It's important to remember that conception is a complex process that involves the right timing between the ovulation of an egg, its fertilization with a sperm, and the resulting embryo’s implantation in the uterus. Even for those with typical fertility, it can take several months to a year of regular sexual intercourse to achieve a pregnancy. About 85% of young couples (female partners aged less than 30) will conceive within the first year of trying. Therefore, at the three-month mark, it's not necessarily a cause for alarm.

However, if you're concerned about the lack of progress, there are steps you can take. Keep track of your menstrual cycles to determine your ovulation window. You can also use an ovulation tracking app such as Clue Conceive, a mode Clue has developed to support people with cycle and fertility tracking.  

If you’re over the age of 40, it may be a good idea to work on setting up a consultation with a reproductive specialist, as it can take a little time to get an appointment and arrange for fertility testing. If you’re over the age of 35, a consultation is recommended after six months of trying to conceive through regular intercourse. 

There are also some innovative options available to initiate a fertility evaluation in this timeframe in order to get more information while you continue your efforts at natural conception. LEVY Health offers a comprehensive fertility analysis that's personalized and thorough. The analysis collects a detailed medical history, recommends the right blood tests, and delivers results within a matter of weeks. The test results from a LEVY Health evaluation are trusted by OBGYNs and fertility experts and may be able to expedite your pathway into fertility treatment if that ends up being what you need.

The goal of a fertility evaluation, whether through a specialist, OBGYN, or LEVY Health, is to identify any underlying factors that might be affecting your ability to conceive. It's a step towards understanding your unique situation better and paving the way for informed decisions about your reproductive journey.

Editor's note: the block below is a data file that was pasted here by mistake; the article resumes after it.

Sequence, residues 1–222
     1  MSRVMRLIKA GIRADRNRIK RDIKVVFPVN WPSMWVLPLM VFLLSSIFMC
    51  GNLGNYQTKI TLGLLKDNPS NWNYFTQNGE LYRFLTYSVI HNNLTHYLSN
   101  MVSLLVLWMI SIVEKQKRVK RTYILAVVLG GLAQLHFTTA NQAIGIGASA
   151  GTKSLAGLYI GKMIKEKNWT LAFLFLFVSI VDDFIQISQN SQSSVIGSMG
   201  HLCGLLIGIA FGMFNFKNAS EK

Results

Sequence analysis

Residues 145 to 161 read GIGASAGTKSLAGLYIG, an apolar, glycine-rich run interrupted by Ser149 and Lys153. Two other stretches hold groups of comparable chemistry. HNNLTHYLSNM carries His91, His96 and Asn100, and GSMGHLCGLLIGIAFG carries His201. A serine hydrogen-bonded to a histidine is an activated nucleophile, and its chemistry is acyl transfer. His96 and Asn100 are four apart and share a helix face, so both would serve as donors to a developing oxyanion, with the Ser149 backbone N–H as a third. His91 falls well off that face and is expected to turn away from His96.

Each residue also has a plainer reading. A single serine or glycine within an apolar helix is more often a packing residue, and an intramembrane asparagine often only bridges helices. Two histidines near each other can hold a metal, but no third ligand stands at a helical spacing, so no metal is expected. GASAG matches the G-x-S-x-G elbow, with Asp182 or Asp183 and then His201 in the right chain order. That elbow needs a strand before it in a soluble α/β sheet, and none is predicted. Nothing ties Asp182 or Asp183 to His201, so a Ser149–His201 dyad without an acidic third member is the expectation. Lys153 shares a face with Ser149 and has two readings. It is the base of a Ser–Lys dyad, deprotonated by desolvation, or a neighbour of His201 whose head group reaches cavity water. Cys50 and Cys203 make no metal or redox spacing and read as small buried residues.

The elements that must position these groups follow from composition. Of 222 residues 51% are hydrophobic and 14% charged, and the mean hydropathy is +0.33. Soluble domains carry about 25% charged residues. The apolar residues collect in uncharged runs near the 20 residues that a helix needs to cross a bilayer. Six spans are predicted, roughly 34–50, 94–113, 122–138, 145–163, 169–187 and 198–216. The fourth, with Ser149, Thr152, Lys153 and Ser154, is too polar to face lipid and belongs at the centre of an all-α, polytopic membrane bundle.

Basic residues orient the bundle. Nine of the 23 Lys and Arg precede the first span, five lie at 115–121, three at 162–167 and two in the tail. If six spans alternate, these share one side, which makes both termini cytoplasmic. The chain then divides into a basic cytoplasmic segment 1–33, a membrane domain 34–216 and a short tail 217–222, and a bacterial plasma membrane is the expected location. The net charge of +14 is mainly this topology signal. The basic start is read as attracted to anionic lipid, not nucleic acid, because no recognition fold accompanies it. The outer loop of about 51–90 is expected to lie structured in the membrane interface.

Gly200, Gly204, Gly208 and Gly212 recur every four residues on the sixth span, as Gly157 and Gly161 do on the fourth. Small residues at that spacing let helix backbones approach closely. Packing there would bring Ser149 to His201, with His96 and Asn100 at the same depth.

It took my mom a long time to conceive. Does that mean it’ll be the same for me?

Your family history, including your mother's experience with conception, may offer some insights into your potential reproductive journey, but it's important to remember that everyone's situation is unique.

As mentioned before, the time it takes to conceive can be influenced by a wide range of factors, such as age, overall health, lifestyle, and underlying medical conditions. While your mother's experience might provide some context, it's not a definitive predictor for your fertility.

If you're concerned about the possibility of facing similar challenges as your mother did, it's a good idea to seek medical guidance.

What if I don't know if I want to have children yet? Should I be freezing my eggs?

If you're in a position where you're unsure if you want to have children yet, but you're concerned about the potential impact of age on your fertility, egg freezing might be worth considering. By freezing eggs at a younger age, you can preserve their quality and increase the chances of having healthy embryos in the future.

It might be helpful to think about your future plans, such as your career, relationships, and lifestyle. Egg freezing may provide flexibility, but it's essential to discuss this option with your healthcare provider to ensure that your decision aligns with your long-term goals.

Also, one of the foremost factors is your age. Egg quality and quantity decline over time, so the earlier you freeze your eggs, the better the chances of successful use in the future. Where possible, it’s ideal if eggs are frozen while someone is still under the age of 35. That said, egg freezing can still be successful after age 35, but further treatment cycles may be required to maximize the chances of future success.

If you're in a relationship, it's important to involve your partner in the decision-making process. It might be a good idea to discuss how egg freezing fits into your collective vision and plans for the future.

And lastly, learning more about your fertility, and how to help support it, is an important step. Through a comprehensive medical assessment, you can find out more about your fertility and overall health, which can provide insights into the potential success of egg freezing.